The edibles scene in Canada is blowing up, despite being excluded from the first round of legalization. Edibles will be legal in Canada by Fall 2019, but until then, Canadians are flocking to the grey market or making their own infused creations to get their fix. Legal retail shops will be restricted to only selling cannabis flower and diluted oil. But that’s not stopping underground canna-brands from preparing for legalization as micro-processing licenses roll out. EP Infusions, Montreal’s number one infused chocolatier, is making waves across the country, as their mouthwatering edible creations have won the hearts, minds, and taste buds of Canadians.
Featured in Elle Magazine, Vice, and The Globe And Mail, EP has gone on to make history as the featured edible in the 80th edition of the industry’s Food & Beverage Magazine. EP’s high-design aesthetic means every gourmet bar is exquisitely wrapped in Japanese paper. Not only are these edibles a favorite with Canadian foodies, they also make for elegant gifts—you could even give one to your grandmother!
We sat down with Riley Starr, creator of the legendary underground Canadian edibles brand EP Infusions, to find out how they are preparing for legalization.
High Times: What inspired you to create EP Infusions?
Riley Starr: I remember very clearly the first time I brewed a batch of beer. The results weren’t exactly top-shelf, but I threw a house party and served it to all my friends. That experience changed me – being in a room full of the people I cared about most, laughing and talking and playing music, drunk on something I had created, was profound. I felt like I had found my calling.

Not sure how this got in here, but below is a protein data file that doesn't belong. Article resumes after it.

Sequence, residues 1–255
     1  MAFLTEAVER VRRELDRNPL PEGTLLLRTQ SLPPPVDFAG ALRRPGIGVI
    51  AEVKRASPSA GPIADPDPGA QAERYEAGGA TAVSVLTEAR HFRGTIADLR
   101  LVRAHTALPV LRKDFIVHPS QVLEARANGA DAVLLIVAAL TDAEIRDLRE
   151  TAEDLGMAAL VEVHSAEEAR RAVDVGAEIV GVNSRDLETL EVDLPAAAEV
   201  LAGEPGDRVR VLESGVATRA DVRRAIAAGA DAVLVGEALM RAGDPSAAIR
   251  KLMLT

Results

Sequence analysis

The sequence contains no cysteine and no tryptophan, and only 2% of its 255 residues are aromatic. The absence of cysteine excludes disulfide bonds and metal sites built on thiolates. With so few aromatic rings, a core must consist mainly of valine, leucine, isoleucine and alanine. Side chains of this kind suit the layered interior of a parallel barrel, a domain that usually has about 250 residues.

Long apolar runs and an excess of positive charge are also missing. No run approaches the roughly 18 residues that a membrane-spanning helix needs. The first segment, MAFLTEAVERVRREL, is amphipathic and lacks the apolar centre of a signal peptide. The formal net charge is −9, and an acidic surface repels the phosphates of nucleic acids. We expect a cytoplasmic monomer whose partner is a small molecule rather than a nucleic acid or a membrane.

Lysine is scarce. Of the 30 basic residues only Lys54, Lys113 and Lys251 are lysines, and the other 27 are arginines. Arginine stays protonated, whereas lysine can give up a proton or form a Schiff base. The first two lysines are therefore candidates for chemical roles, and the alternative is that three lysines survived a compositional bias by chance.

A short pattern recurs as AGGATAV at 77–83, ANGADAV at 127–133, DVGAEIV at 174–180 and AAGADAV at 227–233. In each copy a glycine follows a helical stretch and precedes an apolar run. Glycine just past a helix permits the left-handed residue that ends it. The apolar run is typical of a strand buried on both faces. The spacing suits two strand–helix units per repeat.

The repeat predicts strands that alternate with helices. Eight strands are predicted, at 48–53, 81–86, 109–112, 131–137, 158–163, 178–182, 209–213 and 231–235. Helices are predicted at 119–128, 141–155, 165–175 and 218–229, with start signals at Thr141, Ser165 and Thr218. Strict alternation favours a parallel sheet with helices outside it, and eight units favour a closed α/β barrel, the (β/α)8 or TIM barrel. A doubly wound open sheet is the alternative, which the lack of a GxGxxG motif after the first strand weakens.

That eventually led me to brewing professionally for several years. But I’ve had a love for cannabis my entire adult life, and always wanted to see weed elevated to the same level of respect and appreciation that craft beer enjoys these days. I started experimenting with cannabis extractions on my own time – having access and familiarity with brewery valves, pipes and fittings, I started building my own closed-loop systems and making tinctures out of the different strains I liked to smoke.
Like a lot of people, the first time I tried an edible I was high for two days. And, like a lot of people, I just assumed that’s what the edible experience was. But experimenting with oils and tinctures I realized that oral cannabis could provide a whole spectrum of experiences, and it became my favorite way to get high. I wanted a way to share that with other people, and EP Infusions was born.
HT: EP Infusions is the most gourmet edible on the scene. What were you doing before EP?
RS: My career before EP was in brewing. Before that I worked in construction for a few years, and growing up worked as a mechanic in a couple of bike shops in Montreal. My hobbies, though, almost always revolved around food. I’ve dry-cured sausage, butchered a pig with a group of friends and turned the whole carcass into head cheese, pancetta, chicharones, ham. I’ve grown my own edible mushrooms and baked my own bread (although my partner has always been able to make the better loaf). Food has always been, for me, the perfect lens through which all the best and most interesting parts of human existence pass: culture, biology, aesthetics, and pleasure. It’s how we nurture, love, and express gratitude. Food is its own universe: already so vast that you could study it for a lifetime and barely scratch the surface, and still expanding endlessly in every direction.
HT: Given your experience as a brewer, what is your experience with cannabis beverages? Do they have a future internationally?